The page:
Darkness!  That’s what I’ll do, I’ll wait until darkness to ask him.  I scrounged around to find some things to cook his favorite dinner.  We don’t have what we used to have, but I traded with the nosey neighbor to get lentils, seasoned with my garlic and onions sauce.  Luckily, it was harvest time so I was able to get some grapes and figs, and I pinched a bit of the wine from the business to put him in a good mood.  This is the place where I’m in charge.  We eat as family every night, this is my favorite part of the day.  They talk amongst themselves, and as I am serving everyone, I can hear what is really going on with them and our family.  We sit and talk for two to three hours every night catching up with one another.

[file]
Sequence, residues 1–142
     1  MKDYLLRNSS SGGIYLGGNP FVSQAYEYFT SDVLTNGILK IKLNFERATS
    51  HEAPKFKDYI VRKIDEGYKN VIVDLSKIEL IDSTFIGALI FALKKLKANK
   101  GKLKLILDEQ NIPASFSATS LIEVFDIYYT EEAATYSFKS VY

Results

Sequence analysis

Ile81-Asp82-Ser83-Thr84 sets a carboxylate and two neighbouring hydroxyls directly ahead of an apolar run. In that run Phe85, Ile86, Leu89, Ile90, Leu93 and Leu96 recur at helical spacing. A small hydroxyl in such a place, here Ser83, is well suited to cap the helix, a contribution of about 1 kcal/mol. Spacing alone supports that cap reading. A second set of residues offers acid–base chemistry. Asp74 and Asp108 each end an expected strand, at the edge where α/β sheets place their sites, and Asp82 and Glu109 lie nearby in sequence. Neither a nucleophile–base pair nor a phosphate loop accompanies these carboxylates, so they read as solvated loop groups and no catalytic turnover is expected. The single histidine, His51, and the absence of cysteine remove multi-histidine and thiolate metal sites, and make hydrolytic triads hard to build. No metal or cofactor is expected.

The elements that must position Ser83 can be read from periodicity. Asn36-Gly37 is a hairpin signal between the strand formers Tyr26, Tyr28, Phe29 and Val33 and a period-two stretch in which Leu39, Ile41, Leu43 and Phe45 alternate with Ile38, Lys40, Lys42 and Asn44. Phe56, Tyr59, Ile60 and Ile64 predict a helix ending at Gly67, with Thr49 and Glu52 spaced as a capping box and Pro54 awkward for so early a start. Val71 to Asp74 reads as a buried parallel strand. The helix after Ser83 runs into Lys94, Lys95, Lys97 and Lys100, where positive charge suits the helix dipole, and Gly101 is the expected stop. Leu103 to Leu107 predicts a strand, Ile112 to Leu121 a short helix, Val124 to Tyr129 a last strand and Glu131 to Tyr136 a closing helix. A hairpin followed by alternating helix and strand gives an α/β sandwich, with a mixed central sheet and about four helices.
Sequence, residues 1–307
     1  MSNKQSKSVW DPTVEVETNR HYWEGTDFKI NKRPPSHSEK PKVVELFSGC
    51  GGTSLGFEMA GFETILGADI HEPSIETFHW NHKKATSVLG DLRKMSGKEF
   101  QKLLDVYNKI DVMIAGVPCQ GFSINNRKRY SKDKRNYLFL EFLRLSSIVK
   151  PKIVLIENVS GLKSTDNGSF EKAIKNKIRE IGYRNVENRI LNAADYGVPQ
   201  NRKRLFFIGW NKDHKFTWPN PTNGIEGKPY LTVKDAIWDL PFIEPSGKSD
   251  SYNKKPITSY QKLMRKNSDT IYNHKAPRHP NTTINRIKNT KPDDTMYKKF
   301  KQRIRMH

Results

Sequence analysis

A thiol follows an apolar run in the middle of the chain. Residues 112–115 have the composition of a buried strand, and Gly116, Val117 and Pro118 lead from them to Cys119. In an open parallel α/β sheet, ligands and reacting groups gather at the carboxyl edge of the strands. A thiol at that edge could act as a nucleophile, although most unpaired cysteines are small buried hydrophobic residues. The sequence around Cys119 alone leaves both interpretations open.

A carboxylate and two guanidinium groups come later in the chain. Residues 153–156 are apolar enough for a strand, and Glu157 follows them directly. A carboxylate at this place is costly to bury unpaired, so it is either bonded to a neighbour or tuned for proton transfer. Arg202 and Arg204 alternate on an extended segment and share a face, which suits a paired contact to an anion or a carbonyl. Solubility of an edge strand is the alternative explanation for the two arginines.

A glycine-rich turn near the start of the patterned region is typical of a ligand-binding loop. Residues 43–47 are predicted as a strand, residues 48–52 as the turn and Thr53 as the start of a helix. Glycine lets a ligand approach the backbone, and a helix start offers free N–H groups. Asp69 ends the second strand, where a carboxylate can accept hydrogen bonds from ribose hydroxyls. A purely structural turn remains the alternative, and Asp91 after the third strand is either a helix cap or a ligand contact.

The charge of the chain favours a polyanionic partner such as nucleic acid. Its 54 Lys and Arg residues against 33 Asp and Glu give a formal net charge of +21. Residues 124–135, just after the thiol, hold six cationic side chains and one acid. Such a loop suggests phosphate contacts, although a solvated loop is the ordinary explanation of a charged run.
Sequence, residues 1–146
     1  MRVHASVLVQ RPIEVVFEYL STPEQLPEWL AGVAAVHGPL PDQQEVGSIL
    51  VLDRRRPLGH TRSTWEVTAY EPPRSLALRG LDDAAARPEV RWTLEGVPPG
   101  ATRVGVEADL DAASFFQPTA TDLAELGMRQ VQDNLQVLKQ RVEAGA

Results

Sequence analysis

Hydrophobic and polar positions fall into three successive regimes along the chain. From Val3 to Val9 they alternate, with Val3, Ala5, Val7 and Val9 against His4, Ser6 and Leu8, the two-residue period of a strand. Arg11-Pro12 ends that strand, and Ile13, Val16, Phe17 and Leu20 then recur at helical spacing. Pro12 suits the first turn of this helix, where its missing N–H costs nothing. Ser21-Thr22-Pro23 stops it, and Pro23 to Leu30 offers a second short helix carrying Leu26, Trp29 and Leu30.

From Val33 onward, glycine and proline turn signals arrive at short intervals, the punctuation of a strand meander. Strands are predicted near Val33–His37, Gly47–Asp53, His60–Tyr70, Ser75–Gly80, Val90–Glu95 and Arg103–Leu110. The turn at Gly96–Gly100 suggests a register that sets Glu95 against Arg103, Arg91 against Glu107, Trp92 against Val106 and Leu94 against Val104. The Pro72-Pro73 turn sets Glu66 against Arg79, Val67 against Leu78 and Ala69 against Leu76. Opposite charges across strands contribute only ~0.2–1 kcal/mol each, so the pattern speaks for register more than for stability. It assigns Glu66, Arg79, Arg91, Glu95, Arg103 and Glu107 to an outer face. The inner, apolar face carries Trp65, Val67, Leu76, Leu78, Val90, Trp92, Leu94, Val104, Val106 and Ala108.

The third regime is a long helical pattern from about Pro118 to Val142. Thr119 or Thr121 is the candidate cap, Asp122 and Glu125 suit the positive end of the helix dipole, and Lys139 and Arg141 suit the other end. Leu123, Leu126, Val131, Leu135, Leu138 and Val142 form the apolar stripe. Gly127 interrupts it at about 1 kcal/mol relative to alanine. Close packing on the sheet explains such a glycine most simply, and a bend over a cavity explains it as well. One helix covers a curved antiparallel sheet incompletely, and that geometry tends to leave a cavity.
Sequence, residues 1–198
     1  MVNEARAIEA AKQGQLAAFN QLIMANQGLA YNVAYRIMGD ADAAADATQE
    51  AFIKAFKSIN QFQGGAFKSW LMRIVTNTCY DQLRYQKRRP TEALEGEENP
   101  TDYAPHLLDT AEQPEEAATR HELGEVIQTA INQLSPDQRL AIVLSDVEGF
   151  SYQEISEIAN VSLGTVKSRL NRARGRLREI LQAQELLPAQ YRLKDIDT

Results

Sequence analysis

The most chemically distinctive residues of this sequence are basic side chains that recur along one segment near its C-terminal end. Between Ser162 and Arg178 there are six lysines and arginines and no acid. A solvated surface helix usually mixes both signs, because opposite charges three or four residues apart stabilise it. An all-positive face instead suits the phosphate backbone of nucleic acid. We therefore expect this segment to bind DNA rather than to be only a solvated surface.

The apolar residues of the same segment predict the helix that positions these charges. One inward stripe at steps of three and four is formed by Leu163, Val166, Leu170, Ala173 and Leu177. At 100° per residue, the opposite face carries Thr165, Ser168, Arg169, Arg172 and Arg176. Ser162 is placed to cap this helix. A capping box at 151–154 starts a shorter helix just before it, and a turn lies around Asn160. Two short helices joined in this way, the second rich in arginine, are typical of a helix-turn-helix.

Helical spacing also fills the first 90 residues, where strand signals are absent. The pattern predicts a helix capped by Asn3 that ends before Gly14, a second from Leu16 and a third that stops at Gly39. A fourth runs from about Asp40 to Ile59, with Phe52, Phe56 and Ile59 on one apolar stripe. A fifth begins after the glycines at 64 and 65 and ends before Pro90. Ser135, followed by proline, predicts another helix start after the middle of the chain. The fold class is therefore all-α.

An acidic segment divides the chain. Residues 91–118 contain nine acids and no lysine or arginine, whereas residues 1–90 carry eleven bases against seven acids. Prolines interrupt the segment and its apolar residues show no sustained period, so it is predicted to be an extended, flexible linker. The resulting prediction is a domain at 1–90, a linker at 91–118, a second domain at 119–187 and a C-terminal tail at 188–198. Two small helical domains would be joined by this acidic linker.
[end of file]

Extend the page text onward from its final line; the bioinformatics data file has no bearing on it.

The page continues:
I wait until it is just husband and myself.  In the darkness, I gently begin to ask, “So what does he want? What did you talk about with him at the stump”?  It is there my husband tells me what our son wants.  My mind starts racing with questions.  Can you believe him! Do you see anyone else around here getting a family inheritance who isn’t a first born boy? Does he just assume it is here for the taking?  Does he want my husband to die so he can have his money?  What about me? Who will take care of me when my husband dies?  I hope, I pray that my oldest son won’t forget about me.  I don’t want to have to beg like the women on the street.  And right now, what would I be begging for?  There is not much to eat even to eat let alone give away?  He almost is wishing for all us to be dead!  It seems to me he doesn’t want to be part of our family story any longer.  What have I done?  How have I failed them?  I just can’t watch my son destroy himself.  He hasn’t even considered how this will affect the rest of our family.  What will the aunties and uncles say?  Can you imagine what the villagers will whisper?  Our family has been so respected in this community.  They will say we didn’t raise him right, to respect his elders and give his family honor.  He has shamed us.  I know for sure the nosey neighbor will find someway to find out everything that is going on and gossip our family business everywhere.  I can see her now, mouth hanging open so wide flies could land on her tongue.  Rolling her eyes at what he’s done.  Every village, every Hebrew School, and yes, even every family, has had a problem like this at some point.  Not all of them are as well known as our family, but it happens.  Maybe they didn’t ask for their inheritance but they too have squandered.  Squandered money, or their youth, but of course we will be the ones everyone wants to talk about.